Efrain Barreiro left his native Puerto Rico at the age of 19 to play baseball on a full-ride scholarship at Western Kentucky University in Bowling Green in 1986.
As a child, Barreiro felt close to the Lord, growing up in a religious family with a strong sense of morals. However, by 15 his priorities shifted to baseball and other pursuits
“The moment I started putting God second — or third — in my life, it didn’t take long before I lost my spiritual focus,” says Barreiro. “Although I still loved God, my faith foundation was not as strong as it should have been.”
The deterioration accelerated once Barreiro moved to the mainland, away from all the restraints of home.
“It’s not that hard to lose sight of what’s important,” says Barreiro, a popular athlete who partied regularly at the school.
In 1990, he married his girlfriend Tracy, a Tennessee native enrolled at Western Kentucky, in a dental hygienist degree program. The same year, Efrain graduated from school and signed a minor league pitching contract with the Houston Astros. For nine months of the year, Efrain traveled as a player, leaving a pregnant Tracy at home.
Newborn daughter Elise developed a strep infection in her lungs and had difficulty breathing due to severe asthma. Ten weeks after being born, Elise developed respiratory syncytial virus infection and spent 10 days in a hospital oxygen tent.
The birth and hospital stays left the uninsured Barreiros with $60,000 in medical debt.
“This was in the day before they wrote debt off,” Tracy remembers. “We had to pay it all back.”
Tracy sank into post-partum depression, home alone with her baby and the bills, feeling isolated and with no church connections.
A year later, Tracy, who didn’t grow up in a Christian home, became pregnant. Fearing a repeat of the medical catastrophe, the couple reached a fateful conclusion: to obtain an abortion.
“I had no idea my baby had a heartbeat,” Tracy says of the 9-week-old fetus. “If I had an ultrasound, if I’d been educated, I would have walked out.”
“We believed lies, that it really wasn’t a baby yet, just a clump of cells,” Efrain says.
Efrain also relinquished his dream of pitching in the big leagues in order to find a steady, good-paying job that didn’t require travel.
“We didn’t see a path forward for us if we were going to stay married,” he says. “It was either going to be baseball or my marriage.”
But after the abortion, the couple suppressed talking about it. They had no idea of the fallout that would follow.
“We started disconnecting emotionally and physically from each other,” Efrain says. “We stuffed all our feelings.”
“We just lived separate lives for the next 20 years,” Tracy says.
The couple visited a series of counselors, who provided short-term relief. But soon they returned to a regular pattern of heated arguments.
Efrain fell into an internet porn addiction and became a workaholic. Tracy became a shopaholic, sustained by the income Efrain made as a certified public accountant. In 1996, Tracy gave birth to second daughter, Anna, five years after Elise.
Tracy again suffered with postpartum depression after Anna’s birth. This time, in retrospect, she says she suffered a nervous breakdown because of the memory of the abortion.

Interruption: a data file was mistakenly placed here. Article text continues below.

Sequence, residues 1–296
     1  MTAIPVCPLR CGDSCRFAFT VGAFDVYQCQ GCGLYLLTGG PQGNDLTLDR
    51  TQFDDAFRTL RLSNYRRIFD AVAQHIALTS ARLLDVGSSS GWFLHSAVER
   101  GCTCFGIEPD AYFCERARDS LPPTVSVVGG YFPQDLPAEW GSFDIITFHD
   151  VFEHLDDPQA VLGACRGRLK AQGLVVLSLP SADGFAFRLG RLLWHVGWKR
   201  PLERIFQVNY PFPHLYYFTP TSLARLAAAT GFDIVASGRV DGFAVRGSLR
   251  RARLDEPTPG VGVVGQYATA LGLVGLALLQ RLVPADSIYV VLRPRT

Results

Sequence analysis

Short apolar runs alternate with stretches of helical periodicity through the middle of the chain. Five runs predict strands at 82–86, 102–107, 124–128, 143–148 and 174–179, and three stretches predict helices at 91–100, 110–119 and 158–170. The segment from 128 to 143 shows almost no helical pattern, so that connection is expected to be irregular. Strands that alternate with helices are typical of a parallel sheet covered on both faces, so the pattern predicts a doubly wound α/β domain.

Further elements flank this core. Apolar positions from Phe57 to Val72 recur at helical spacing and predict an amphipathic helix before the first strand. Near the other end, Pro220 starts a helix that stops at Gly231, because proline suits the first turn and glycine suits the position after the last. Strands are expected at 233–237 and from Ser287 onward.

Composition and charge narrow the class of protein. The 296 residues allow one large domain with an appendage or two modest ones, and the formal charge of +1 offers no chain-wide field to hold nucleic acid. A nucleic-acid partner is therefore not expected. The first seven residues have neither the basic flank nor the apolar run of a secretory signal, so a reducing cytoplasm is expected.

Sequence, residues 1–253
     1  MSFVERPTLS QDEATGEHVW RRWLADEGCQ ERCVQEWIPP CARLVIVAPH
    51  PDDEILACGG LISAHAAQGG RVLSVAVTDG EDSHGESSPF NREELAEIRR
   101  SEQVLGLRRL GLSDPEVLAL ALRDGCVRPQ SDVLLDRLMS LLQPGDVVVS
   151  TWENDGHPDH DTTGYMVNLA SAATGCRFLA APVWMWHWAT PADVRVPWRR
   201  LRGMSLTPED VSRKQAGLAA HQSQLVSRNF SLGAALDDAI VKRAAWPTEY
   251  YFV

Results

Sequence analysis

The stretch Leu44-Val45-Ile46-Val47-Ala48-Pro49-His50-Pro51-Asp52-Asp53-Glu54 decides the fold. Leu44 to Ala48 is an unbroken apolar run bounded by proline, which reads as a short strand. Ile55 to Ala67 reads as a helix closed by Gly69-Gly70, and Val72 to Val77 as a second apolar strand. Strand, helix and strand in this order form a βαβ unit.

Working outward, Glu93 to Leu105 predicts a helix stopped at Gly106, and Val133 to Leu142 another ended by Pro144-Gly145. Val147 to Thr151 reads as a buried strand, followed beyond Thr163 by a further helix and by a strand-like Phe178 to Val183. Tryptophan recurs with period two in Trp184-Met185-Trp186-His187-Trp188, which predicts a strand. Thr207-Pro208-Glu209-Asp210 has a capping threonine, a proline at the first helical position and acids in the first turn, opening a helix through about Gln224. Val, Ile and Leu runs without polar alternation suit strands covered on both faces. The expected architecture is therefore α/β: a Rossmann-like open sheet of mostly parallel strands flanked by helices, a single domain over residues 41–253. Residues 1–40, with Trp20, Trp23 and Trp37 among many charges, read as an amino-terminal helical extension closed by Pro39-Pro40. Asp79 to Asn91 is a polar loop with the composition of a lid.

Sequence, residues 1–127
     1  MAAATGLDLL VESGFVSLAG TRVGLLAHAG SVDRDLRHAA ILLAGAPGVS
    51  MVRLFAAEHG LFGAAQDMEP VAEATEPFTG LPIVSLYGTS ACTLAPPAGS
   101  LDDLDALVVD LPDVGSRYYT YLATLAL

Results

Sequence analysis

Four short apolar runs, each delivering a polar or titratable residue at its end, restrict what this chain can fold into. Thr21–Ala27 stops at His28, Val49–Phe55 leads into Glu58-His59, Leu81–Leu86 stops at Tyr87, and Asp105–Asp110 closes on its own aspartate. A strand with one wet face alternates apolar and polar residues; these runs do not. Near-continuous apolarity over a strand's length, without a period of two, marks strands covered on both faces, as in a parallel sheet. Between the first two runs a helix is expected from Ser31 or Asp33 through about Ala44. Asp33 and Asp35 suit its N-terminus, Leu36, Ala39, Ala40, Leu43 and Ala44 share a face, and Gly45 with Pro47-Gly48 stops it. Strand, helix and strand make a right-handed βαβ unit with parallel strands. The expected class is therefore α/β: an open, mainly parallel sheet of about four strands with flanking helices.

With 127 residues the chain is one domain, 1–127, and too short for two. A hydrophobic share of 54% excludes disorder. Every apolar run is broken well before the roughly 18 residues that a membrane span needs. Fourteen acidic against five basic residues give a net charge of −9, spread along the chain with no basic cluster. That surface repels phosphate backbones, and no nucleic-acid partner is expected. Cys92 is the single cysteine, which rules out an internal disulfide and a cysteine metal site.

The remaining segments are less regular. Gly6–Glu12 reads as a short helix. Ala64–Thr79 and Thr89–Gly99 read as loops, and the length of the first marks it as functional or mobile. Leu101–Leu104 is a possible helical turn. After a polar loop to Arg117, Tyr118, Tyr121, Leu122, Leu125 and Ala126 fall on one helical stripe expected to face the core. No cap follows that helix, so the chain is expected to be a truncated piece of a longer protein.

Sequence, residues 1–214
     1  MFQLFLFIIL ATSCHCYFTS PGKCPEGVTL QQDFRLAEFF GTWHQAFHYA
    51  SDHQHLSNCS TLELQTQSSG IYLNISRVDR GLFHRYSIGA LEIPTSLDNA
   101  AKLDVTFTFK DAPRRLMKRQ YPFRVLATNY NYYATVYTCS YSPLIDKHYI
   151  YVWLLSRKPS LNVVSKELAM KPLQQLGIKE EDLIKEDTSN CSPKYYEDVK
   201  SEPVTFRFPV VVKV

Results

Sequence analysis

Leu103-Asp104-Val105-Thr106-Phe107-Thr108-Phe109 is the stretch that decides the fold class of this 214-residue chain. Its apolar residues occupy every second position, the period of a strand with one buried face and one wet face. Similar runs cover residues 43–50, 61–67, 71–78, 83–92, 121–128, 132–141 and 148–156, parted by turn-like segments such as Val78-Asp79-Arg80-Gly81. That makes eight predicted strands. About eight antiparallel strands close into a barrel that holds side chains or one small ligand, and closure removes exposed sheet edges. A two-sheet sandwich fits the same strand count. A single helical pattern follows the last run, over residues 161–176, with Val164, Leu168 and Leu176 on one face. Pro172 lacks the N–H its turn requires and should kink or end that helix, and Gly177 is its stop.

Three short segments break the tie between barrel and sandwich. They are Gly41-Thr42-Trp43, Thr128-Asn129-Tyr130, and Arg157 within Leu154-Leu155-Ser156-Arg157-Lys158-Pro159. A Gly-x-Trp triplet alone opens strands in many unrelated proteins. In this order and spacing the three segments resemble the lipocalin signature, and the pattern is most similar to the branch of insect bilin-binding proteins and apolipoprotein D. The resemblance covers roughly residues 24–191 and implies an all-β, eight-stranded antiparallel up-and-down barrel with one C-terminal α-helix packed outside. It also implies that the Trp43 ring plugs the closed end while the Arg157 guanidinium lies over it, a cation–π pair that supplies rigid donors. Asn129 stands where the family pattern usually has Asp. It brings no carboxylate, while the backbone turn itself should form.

In 1997, she accepted a friend’s invitation to attend Cornerstone, an Assemblies of God megachurch in Madison, Tennessee.
Tracy committed her life to Christ and she and her husband became involved in ministry at the church. Nevertheless, strife remained at home.
“We were able to help other couples, we just couldn’t help ourselves,” Efrain says.
As their girls grew up and prepared to leave home, Tracy says the Lord impressed upon her the need to focus on her marriage.
“My whole identity was in my kids, which was wrong,” Tracy says.
But while attending Cornerstone, Sheila Harper befriended Tracy. Harper founded an abortion-recovery ministry called SaveOne. Tracy began watching videos posted on the SaveOne website of couples sharing their abortion experience.
“I cried for two days straight,” Tracy says. “I realized abortion was the problem in my life that had caused the wedge between my husband and me.”
Tracy went through a 10-week session with Harper to find forgiveness and healing.
“Week after week, the scales fell from my eyes,” Tracy says. She realized how she mistreated her husband, and how her bad moods and high anxiety impacted Elise and Anna. “I regret that my daughters didn’t see a loving relationship between their parents that they should have.”
“Only a few weeks into the study, I saw change in Tracy,” Efrain recalls. “She became affectionate again, she told me she loved me again. The whole relationship shifted.”
The Barreiros, now married 31 years, live in Gallatin, Tennessee, northeast of Nashville. Efrain is chief information officer for Elan-Polo International, a global footwear company. Daughter Elise — who had severe asthma as a baby — served as worship leader for six years at Connect Church in Mount Juliet, Tennessee, and is married to Caleb Miller. Anna is an interior designer with a college degree in international business.
Tracy stepped down from being a SaveOne chapter leader because of her ongoing battle with relapsing/remitting multiple sclerosis.
However, Tracy, 52, and Efrain, 54, look forward to someday in joint sessions being able to help other couples heal from hurts. Tracy is proud of Efrain for having the courage to share his testimony recently on the SaveOne website.
“Through all of our struggles, God kept us together,” Efrain says.